Larry McMurtry, descendant of Texas cattlemen, can’t stop writing stories about the American West. His latest novel, The Last Kind Words Saloon, reimagines the gunfight at the O.K. Corral, an event he brought to life more vividly in his 2006 novel, Telegraph Days.
In this version, itinerant lawman Wyatt Earp and his pal Doc Holliday, the dentist turned gambler/gunslinger, are in the frontier town of Long Grass, Texas, where Wyatt’s wife, Jessie, tends bar at the Last Kind Words Saloon.
A big cattle deal is going down between an English baron and Charles Goodnight, a real-life Texas Panhandle cattleman about whom McMurtry has written before. Such historical figures as Buffalo Bill Cody and the Kiowa warriors Satank and Satanta drift in and out of the action, as do fictional characters from McMurtry’s earlier works, including Nellie Courtright, the lusty frontier journalist/narrator of Telegraph Days.
Inevitably, Wyatt and Doc make their way to Tombstone, Arizona, where Wyatt reunites with his lawmen brothers Virgil and Morgan and begins feuding with the Clanton gang. The climactic events of Oct. 26, 1881, unfold in a few sentences, ending on an odd note of marital discord between Jessie and Wyatt.
McMurtry clearly isn’t interested in burnishing the Wyatt Earp legend — he’s portrayed as a surly, shiftless wife beater — but he doesn’t offer much of a counter history either. The novel — he calls it “a ballad in prose whose characters are afloat in time” — ends with an epilogue narrated by Nellie, a sort of alter ego for McMurtry, both of whom have made good money in Hollywood writing about the West.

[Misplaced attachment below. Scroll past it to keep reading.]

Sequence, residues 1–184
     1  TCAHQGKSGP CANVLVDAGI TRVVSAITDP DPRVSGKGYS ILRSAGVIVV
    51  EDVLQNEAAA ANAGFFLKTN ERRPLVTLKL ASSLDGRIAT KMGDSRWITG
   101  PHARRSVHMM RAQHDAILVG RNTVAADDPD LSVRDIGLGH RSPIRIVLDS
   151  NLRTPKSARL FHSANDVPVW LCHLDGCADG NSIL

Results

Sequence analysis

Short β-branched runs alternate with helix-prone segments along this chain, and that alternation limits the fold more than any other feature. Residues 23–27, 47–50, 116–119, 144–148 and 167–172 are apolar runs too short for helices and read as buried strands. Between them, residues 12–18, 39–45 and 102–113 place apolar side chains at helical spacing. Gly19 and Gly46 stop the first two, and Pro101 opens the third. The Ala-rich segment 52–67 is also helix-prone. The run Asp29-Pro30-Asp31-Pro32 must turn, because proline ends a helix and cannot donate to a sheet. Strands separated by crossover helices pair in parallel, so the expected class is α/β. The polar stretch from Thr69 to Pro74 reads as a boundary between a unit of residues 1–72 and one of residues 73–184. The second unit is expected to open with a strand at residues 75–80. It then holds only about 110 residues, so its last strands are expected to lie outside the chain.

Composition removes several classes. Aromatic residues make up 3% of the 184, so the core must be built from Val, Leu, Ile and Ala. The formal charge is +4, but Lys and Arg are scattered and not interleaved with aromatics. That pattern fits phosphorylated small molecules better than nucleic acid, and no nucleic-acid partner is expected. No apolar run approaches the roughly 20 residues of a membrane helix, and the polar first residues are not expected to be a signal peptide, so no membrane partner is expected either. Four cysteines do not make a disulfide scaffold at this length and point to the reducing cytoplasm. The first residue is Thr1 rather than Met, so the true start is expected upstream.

Years after the gunfight, she discovers that Wyatt and Jessie are living in a dilapidated bungalow in San Pedro, California. Wyatt is “rheumy-eyed” and doesn’t remember much about the shootout. She regrets going to visit them until she spies the sign for the Last Kind Words Saloon in their junk-strewn yard.
“Not quite sure why I wanted it,” she offers to buy it. When Jessie gives her the sign, she sticks it in the back of her car and drives home to Santa Monica. McMurtry — the Pulitzer Prize and Oscar-winning author of dozens of books and screenplays about the West, and an avid collector of rare books — may be suggesting that nearly a century and a half after the closing of the American frontier, its battered artifacts are as resonant as its stories.
Ann Levin reviewed this book for the Associated Press.